Transporter BTR 550

Tackling slopes at full load? No longer a problem
 

The BTR 550 transporter is a professional machine ideal for use on all types of terrain and also in tight spaces. Its load capacity is optimal.
 
We are in Trinità, Canossa, in the Italian province of Reggio Emilia. The area is steeped in history for these were the lands of the Countess Matilda. In the background Canossa castle can be admired, where in 1077 Emperor Henry IV had to spend three days and nights in front of its entrance gate before being received by Matilda’s guest, Pope Gregory VII, to have his excommunication revoked.
 
It is surrounded by the gentle slopes of the first hills of Reggio. It is a splendid sunny day at the end of July, enlivened by the chirping of cicadas. We are in the company of Giovanni Morini, a small farmer who lives in a local cottage, for an appointment to test drive the BTR 550 transporter, the professional machine from Bertolini.
 
To start, we decide to drive it down into a small wood where Morini has his woodpile: we have to tackle a long slope first over concrete, then bumpy terrain covered in scrub. The transition is smooth because without a load a transporter can tackle a inclination of 40°.
 
“This is an ideal machine for slopes: the tracks are quite wide and hence ensure a good grip on all types of surfaces,” says Morini. Also the machine has a low barycentre, in that it is only a few centimetres off the ground,” (6.5cm, author’s note). From the safety angle, as soon as the tester lets go of the control lever, the clutch disengages automatically and initiates the expanding brake function, which comes in very handy in dry and dusty environments such as the one on which we are testing now.
 
The entry into the wood is also smooth, despite the presence of bushes, small shrubs and the proximity of trees amongst them, the BTR 550 transporter proves itself to be an extremely easy to handle machine. Its mere 200kg weight and tight turning radius, guarantee absolute freedom of movement.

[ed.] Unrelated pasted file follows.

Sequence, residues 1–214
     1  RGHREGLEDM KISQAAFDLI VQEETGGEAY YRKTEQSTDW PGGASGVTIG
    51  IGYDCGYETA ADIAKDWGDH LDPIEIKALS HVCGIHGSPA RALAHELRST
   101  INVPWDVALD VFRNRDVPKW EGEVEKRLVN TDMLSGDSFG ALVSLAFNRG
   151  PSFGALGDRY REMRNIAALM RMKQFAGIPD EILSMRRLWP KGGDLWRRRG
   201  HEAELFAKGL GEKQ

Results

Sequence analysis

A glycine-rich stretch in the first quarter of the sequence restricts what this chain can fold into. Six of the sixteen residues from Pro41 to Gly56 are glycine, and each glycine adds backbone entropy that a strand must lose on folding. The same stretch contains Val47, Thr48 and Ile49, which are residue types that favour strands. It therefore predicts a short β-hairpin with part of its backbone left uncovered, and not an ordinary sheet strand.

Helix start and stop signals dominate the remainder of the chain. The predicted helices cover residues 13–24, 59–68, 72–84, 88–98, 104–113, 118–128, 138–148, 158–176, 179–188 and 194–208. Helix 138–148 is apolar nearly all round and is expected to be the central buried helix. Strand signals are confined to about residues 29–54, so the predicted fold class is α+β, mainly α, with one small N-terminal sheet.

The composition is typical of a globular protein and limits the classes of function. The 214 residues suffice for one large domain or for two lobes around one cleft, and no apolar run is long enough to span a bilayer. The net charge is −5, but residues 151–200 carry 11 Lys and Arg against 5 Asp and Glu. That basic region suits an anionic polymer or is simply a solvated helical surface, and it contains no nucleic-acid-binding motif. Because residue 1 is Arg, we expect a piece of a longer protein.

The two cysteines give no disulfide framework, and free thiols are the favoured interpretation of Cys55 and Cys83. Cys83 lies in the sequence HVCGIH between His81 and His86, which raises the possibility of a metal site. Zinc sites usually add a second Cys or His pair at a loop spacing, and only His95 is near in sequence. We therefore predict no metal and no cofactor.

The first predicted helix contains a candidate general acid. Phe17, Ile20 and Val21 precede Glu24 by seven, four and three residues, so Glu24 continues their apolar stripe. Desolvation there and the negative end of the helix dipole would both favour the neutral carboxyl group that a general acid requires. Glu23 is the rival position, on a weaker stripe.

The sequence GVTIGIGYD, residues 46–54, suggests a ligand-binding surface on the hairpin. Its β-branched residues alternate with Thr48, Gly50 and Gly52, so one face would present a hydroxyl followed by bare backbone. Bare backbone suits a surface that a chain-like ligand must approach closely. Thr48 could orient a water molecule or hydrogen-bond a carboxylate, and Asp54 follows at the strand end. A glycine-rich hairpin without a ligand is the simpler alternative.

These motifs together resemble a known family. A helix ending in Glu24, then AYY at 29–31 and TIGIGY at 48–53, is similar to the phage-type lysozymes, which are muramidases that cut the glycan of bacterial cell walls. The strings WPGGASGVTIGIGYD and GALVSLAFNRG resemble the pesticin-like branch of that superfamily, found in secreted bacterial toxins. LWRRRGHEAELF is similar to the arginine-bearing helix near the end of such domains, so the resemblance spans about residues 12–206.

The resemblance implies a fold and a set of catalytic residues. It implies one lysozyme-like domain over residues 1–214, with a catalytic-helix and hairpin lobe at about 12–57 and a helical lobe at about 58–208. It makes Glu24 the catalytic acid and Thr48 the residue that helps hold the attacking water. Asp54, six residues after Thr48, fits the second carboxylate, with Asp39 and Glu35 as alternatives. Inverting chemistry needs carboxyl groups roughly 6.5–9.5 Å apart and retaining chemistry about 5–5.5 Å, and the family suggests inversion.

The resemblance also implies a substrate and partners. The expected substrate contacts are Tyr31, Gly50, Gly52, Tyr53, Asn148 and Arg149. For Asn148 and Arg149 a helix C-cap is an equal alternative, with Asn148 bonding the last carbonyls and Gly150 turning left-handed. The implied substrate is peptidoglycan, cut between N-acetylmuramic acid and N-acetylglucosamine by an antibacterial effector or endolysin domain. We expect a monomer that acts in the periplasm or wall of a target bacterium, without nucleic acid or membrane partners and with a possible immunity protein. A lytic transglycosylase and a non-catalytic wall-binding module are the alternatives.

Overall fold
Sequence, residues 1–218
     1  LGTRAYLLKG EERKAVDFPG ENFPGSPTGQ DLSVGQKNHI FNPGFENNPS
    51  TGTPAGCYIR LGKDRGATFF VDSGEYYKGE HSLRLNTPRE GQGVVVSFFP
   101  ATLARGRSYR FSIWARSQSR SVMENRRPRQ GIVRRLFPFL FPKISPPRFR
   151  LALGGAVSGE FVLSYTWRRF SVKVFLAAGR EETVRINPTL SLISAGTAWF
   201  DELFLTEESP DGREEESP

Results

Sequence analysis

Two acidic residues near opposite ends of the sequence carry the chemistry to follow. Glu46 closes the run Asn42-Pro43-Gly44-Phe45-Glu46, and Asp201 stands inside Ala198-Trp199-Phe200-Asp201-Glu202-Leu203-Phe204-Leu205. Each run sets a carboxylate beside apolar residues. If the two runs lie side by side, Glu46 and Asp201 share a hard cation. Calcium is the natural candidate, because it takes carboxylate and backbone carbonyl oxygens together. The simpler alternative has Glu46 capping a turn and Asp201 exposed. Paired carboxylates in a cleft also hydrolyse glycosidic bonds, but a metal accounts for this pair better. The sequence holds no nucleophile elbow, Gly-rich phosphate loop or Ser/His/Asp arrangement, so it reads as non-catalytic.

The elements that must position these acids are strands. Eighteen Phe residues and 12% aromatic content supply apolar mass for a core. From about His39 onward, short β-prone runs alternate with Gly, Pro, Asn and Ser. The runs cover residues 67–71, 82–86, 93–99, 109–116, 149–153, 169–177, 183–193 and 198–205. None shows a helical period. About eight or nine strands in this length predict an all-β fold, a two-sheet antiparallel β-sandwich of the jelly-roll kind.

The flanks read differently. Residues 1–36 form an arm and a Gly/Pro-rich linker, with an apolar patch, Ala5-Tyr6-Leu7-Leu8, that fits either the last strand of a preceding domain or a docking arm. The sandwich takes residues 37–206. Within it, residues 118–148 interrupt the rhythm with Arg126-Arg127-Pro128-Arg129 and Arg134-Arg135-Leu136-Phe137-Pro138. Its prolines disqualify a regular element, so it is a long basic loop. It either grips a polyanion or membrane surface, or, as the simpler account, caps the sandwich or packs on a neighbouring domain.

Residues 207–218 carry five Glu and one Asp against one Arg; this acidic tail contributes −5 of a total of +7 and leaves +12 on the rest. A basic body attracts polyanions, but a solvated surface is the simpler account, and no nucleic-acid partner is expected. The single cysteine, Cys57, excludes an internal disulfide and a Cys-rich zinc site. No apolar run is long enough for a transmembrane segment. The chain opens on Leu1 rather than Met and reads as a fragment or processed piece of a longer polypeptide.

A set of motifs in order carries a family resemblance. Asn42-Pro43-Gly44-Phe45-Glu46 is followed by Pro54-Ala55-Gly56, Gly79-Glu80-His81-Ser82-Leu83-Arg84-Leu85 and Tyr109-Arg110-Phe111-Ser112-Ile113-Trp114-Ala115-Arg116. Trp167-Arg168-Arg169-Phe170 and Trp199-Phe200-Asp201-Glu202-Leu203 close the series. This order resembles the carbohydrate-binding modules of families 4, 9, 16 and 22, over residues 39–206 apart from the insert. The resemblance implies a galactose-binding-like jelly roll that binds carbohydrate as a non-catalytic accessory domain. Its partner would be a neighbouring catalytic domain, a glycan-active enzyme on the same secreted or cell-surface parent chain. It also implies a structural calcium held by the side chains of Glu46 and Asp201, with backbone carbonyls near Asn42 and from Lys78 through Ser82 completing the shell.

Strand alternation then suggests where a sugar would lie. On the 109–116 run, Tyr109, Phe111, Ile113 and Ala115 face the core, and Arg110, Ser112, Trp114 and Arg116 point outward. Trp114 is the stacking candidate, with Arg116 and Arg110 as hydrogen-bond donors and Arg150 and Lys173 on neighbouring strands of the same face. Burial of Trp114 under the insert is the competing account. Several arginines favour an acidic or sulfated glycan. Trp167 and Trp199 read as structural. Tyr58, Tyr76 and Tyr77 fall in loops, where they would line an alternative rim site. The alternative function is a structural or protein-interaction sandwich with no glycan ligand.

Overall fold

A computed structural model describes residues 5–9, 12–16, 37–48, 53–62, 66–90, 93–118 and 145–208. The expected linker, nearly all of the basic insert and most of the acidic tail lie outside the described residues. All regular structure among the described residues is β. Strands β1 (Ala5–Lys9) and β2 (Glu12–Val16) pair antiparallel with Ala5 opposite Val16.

The woodpile consists of large trunks, to be turned into logs by a woodcutter: so as well as being heavy, the pieces of wood are also extremely cumbersome. For greater ease in operating and optimizing the load, Morini decides to remove the side rails – which can be telescoped anyway – and to secure the wood to be transported by two straps. The weight of the load is around 400kg out of a maximum capacity of 550kg.
 
We head up from the wood to the garage where Morini intends to store the trunks before chopping them up: our tester is completely satisfied by the performance of the 5.5CV petrol engine. Accustomed to tough rural work, Morini easily tips the loading surface, which can achieve a maximum tilt of 50°. The BTR 550 transporter is also available in a version with hydraulic dump box, known as the BTR 550 D.
 
Morini also wants to try out the BTR 550 transporter on softer ground, to load up a bit of compost. During the journey towards the vegetable garden, over apparently flat terrain, he changes speed more than once, engaging the reverse gear: to try out the six speed (4 forward and 2 reverse) transmission, with gears bathed in oil. This time, during loading, the side rails ensure the perfect grip on the loading surface.
 
On the whole, Morini’s verdict is extremely positive: “The Bertolini BTR 550 is a powerful but easy to handle machine, ideal for safe use on all types of terrain and also in restricted spaces. It has an optimal capacity and a loading surface with removable side rails also allowing for the transportation of heavy and extremely bulky loads, saving the operator the effort of having to do several trips”.
 
 
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